US regulators have given the go-ahead to genetically modified salmon, making it the first GM animal destined for human consumption.
The Food and Drug Administration said it had given approval on the grounds that "food from the fish is safe to eat".
The biotech company behind the fish, AquaBounty, first submitted its application almost 20 years ago.
Opponents say consumers do not want to eat genetically engineered seafood.
They have also expressed concern that the salmon could pose risks to other fish if it were to escape into the environment.
Dr Bernadette Dunham of the FDA's Center for Veterinary Medicine said: "The FDA has thoroughly analysed and evaluated the data and information submitted by AquaBounty Technologies regarding AquAdvantage Salmon and determined that they have met the regulatory requirements for approval, including that food from the fish is safe to eat."
The FDA ruled that the salmon must be raised in tanks on land at only two facilities in Canada and Panama. It will not be bred or raised in the US.
Safety measures include producing fish that are sterile to prevent cross breeding with wild fish "in the highly unlikely event of an escape".
The transgenic salmon is a type of Atlantic salmon injected with a gene from Pacific Chinook salmon to make it grow faster.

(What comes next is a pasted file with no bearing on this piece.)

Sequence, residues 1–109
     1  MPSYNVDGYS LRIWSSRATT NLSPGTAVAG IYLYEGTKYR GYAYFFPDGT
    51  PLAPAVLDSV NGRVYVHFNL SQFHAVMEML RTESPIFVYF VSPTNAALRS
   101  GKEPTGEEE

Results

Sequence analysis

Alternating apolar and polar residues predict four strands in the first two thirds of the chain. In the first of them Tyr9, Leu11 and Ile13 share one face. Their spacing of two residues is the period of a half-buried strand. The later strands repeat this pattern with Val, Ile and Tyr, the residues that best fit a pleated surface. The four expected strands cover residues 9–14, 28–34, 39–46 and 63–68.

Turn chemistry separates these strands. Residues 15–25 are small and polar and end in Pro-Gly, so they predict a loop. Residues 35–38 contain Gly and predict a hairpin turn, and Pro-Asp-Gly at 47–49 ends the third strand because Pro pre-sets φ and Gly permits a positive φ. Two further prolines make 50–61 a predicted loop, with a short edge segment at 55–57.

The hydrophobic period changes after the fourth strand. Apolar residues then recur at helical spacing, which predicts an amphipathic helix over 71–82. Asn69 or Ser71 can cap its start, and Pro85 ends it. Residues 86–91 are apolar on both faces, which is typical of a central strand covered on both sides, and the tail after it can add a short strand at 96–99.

Dr Ron Stotish, chief executive of AquaBounty, said the salmon was "a game-changer that brings healthy and nutritious food to consumers in an environmentally responsible manner without damaging the ocean and other marine habitats".
He said the young reach adult size much quicker than conventional fish, making it feasible to raise salmon in tanks on land near urban areas.
However, it is unclear whether retailers will want to sell the salmon and whether the public will want to buy it.
Lisa Archer, food and technology programme director at Friends of the Earth, said despite the FDA's "flawed and irresponsible approval of the first genetically engineered animal for human consumption, it's clear that there is no place in the US market for genetically engineered salmon".
There are also uncertainties over how long it will take for the salmon to be produced in sufficient numbers for marketing.
Dr Alison Van Eenennaam, an animal geneticist at the University of California, Davis, said this process could take a couple of years.
"Legally it could appear on a food plate tomorrow in the US but you've got to grow your fish and get production in place," she said.
"We've had a very long wait to bring a genetically engineered animal to market."
Prof Helen Sang of the Roslin Institute at the University of Edinburgh said the approval by the FDA set a precedent.
"It's the first genetically engineered animal for food that's been approved anywhere in the world," she told BBC News.
"There's been a feeling that many companies have been waiting to see if the US will approve GM salmon before going ahead themselves."
However, Dr Joe Perry, former Chair of the European Food Safety Authority GMO Panel, said that if an application were made to raise GM salmon in Europe the risk assessment "would require considerably more data".
"There remain legitimate ecological concerns over the possible consequences if these GM salmon escape to the wild and reproduce, despite FDA assurances over containment and sterility, neither of which can be guaranteed," he said.
Follow Helen on HTwitter.
More from Science/Environment News
The use of genetically engineered animals could revolutionise areas of public health and agriculture, according to advocates. But is the world ready for modified mosquitoes and GM salmon?